The reason, said Lafferty, was that “Gold had gotten out of the habit of showing itself in society. For years it had sat at home in vaults, and a multiplier had been used to equate it with credit money. Nobody knew what to make of naked gold returning to the market. And what if this stream should be but the beginning of a veritable river… It [San Simeon] had the hardest currency in the world. Its national game was playing hob with the currencies of the rest of the world.”

Eventually, wrote Lafferty, greed overtook the partners and the first spaceship of gold begat others, meaning that somewhere between fifty and a hundred men soon knew the source of the gold. After that the golden stream became a torrent and first one ship defected and then another – they came back to Earth in other lands than those of their departure and wherever they came down they spawned other ships.

What happens next is entirely predicable to lovers of sci-fi and adventure: “A dozen other countries were in the race by the third year. Now there was privateering and open piracy. The ships became battle boats, death spheres, and the attrition was terrifying. But the inward flood of the metal continued.”

The important part of Lafferty’s tale for our purposes is what happens as the flood of gold crests:

The effect on most people had been marvelous. But there was a small group that had always borne the burden of currency decisions. They were made nervous by this unbridled activity. Their hold was slipping. They took measures.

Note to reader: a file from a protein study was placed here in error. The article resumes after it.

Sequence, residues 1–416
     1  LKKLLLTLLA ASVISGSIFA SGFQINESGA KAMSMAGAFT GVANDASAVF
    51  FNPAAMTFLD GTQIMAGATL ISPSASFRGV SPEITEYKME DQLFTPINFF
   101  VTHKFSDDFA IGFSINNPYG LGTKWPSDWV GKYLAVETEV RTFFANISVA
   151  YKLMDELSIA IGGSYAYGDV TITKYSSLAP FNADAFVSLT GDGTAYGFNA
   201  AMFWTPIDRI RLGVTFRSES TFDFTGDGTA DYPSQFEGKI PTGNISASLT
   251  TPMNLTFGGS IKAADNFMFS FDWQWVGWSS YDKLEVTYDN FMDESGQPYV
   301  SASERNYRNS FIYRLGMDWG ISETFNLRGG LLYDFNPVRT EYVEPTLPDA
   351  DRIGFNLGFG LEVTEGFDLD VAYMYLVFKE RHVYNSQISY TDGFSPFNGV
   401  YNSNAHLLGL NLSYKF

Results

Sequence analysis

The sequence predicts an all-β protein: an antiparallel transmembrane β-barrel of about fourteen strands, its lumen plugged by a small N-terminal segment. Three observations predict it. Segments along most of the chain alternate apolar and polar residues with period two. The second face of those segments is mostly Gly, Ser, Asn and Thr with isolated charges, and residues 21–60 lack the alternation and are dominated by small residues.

A small commission of not overly intelligent men found an answer. In their own field they understood cause and effect. They acted in doubtful authority, and they were not of one mind about the action. But they did it.

They irradiated the Golden Trabant and killed the source of the gold.

And, Lafferty predicted, “Things came back to normal in about three years. The shrews killed each other, and the wise rats once more ran the warren. The new fortunes tottered and fell back into the bags of the old.”

Will 16 Psyche spawn space pirates, as R.A. Lafferty predicted in “The Golden Trabant,” or make everyone on Earth a billionaire, as the writers at RT.com seem to hope? Both of those outcomes seem doubtful, but what is quite certain is that the industrialization of space will disrupt the world’s economy as we now know it, and that is too dangerous a power to be handed-over to Red China simply because we Americans lack the will or foresight to be the ones to seize it first.

* Today, [July 7, 2019] the spot price of gold is $1,399.90, it rose as high as $1,668.98 in 2012. Back in 1966 the price of gold was pegged at $35 an ounce and a billion dollars was a lot of money, so if the numbers in Lafferty’s story seem unintimidating, please consider the time span and adjust for inflation accordingly.

R.A. Lafferty’s “The Golden Trabant” is long out of print. It is available secondhand in his book Does Anyone Else Have Something Further To Add? or online through this link to 97 Stories By R.A. Lafferty.

To read Mark Whittington’s report for the Daily Caller click this link.

To read the RT.com article on 16 Psyche click this link.